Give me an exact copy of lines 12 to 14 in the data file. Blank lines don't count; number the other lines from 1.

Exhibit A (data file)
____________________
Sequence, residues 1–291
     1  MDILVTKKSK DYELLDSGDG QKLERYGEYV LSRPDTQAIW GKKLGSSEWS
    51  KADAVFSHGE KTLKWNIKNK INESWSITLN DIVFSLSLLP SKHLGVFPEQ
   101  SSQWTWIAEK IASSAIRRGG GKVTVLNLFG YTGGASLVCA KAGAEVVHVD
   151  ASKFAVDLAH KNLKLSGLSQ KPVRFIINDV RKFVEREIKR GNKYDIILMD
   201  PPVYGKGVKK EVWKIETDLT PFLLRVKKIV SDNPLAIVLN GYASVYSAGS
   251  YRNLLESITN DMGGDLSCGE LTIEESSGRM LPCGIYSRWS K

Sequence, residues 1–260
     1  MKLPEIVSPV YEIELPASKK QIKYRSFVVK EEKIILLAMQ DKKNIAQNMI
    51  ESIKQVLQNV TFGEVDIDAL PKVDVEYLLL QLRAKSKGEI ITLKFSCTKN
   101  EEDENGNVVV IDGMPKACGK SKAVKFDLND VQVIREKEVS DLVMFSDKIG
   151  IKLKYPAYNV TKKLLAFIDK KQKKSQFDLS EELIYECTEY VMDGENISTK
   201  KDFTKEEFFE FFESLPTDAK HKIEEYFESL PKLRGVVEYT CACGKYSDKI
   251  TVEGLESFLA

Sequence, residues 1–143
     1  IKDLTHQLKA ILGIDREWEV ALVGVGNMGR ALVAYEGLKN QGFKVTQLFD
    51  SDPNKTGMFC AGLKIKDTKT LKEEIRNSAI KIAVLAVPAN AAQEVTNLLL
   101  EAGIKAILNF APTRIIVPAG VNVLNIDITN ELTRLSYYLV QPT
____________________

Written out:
   151  IKLKYPAYNV TKKLLAFIDK KQKKSQFDLS EELIYECTEY VMDGENISTK
   201  KDFTKEEFFE FFESLPTDAK HKIEEYFESL PKLRGVVEYT CACGKYSDKI
   251  TVEGLESFLA